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Mere words won’t do

Melvin B. Miller
Mere words won’t do
“Let’s hurry so we’re not late for our conversation on race relations.” (Photo: Dan Drew)

Demonstrations by Black Lives Matter have generated considerable interest in America’s race problem. Some journalists and commentators have suggested that interracial “conversations” are needed to resolve the problems. While the intention is undoubtedly well meaning, there is no reason to believe that such discussions will simply lead to effective resolutions. Although they are not so stated, the fundamental demands of the Black Lives Matter groups are non-negotiable.

What skilled litigator is willing to negotiate issues to which he or she already is entitled by law? What blacks are willing to concede that the police have the right with impunity to gun down unarmed civilians? Will conversations induce blacks to agree that “reasonable suspicion” is an adequate police defense against their breach of the Fourth Amendment rights of any individual?

Prior to 1968, the Fourth Amendment to the U.S. Constitution protected citizens against some police abuse. It states in part, “The right of the people to be secure in their persons, houses, papers, and effects, against unreasonable searches and seizures, shall not be violated…” It then was unlawful for the police to stop and frisk any person on the street unless the officer had probable cause for an arrest.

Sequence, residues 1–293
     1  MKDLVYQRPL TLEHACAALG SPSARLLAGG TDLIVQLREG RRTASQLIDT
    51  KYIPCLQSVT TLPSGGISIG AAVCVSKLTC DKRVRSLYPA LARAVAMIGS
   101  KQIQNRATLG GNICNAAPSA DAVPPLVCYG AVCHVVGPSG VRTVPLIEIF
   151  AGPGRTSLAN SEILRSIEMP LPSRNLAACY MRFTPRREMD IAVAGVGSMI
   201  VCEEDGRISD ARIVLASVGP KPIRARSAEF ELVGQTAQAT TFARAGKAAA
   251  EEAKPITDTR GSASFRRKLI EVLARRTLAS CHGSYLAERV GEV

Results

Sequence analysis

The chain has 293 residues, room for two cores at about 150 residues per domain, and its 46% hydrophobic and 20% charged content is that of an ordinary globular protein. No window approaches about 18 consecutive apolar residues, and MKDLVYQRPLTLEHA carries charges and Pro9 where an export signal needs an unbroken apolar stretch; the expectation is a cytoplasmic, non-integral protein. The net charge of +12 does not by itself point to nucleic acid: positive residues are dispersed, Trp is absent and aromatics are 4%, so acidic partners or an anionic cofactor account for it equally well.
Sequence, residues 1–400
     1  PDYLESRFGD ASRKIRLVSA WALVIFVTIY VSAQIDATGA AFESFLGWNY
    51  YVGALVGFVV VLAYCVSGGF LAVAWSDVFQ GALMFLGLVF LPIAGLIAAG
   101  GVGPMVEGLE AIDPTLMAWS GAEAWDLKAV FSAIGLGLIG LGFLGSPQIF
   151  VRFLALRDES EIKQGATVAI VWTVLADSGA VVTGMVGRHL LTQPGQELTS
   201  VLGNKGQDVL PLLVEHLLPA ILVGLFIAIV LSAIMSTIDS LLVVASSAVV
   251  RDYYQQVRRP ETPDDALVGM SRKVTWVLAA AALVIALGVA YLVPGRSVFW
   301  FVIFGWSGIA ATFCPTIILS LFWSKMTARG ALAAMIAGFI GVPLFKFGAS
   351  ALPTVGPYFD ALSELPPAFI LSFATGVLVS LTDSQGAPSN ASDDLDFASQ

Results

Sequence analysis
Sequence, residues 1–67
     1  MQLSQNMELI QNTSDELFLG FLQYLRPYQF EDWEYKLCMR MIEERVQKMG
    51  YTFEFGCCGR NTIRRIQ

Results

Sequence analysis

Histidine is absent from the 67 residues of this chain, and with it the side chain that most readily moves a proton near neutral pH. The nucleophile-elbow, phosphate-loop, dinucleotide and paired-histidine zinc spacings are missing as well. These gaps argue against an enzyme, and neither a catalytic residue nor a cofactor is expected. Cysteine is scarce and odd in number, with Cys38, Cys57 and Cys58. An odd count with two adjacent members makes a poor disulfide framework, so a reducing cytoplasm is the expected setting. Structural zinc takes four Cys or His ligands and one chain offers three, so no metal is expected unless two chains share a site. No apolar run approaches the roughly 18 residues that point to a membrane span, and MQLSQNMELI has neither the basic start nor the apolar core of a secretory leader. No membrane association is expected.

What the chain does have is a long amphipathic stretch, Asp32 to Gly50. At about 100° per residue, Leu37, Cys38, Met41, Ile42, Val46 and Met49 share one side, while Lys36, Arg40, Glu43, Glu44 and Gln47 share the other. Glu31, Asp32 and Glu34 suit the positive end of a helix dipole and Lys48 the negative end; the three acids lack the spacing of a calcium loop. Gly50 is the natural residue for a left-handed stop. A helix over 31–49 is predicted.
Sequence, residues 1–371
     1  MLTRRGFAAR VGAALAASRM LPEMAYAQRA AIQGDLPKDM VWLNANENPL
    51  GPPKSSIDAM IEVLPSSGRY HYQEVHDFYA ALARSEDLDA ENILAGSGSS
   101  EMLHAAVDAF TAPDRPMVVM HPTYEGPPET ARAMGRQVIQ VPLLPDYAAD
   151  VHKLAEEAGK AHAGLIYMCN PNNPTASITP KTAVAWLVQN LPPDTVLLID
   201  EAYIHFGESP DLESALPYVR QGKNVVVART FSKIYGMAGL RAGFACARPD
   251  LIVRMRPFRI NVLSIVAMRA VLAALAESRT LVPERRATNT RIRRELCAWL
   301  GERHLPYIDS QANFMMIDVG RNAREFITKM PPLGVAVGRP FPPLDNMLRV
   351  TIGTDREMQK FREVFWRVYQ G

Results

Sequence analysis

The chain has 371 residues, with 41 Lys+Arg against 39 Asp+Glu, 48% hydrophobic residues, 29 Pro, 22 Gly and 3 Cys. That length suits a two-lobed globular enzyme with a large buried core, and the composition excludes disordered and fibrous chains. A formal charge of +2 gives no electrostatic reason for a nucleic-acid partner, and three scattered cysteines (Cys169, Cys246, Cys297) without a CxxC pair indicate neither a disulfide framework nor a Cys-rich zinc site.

The “probable cause” standard did not eliminate all police abuse, but it established an objective criterion based upon the requirements of the law. The U.S. Supreme Court case, Terry vs. Ohio, reduced the standard to a subjective consideration, “reasonable suspicion.” With 685,724 stop-and-frisks by the police in New York City at its peak in 2011, the standard had degenerated to “whatever.” Only ten percent of those stopped were white. The rest were black or Latino.

Undoubtedly, the increasing availability of firearms induced the courts to permit law enforcement to be more aggressive. The Supreme Court stated in the Terry case that it is enough for the police to have “reasonable suspicion” that the person “may be armed and presently dangerous.” There have been numerous conversations in America on the Second Amendment rights of individuals to buy and own guns. Political conservatives have won the issue so far, despite increasing gun violence in America. They assert that the Second Amendment grants a personal right to the individual to own a gun, whether or not the intention is to form a state militia.

It appears that mere conversations do not always win the day. A change in the culture of the police is needed. So far, no major police department has reestablished the Fourth Amendment rights of the individual that existed prior to the Terry case. However, police departments are legally free to do so in order to reduce the harassment of black citizens.

Another step would be the establishment of greater professionalism by eliminating the “blue code.” There should be greater penalties for failing to report the malfeasance of fellow officers. Police officers should be trained to become highly competent and well-respected public servants, a status attained by the best police departments in Europe.

While conversations might help individuals overcome their racial bigotry, they will not likely resolve the nation’s historic race problems.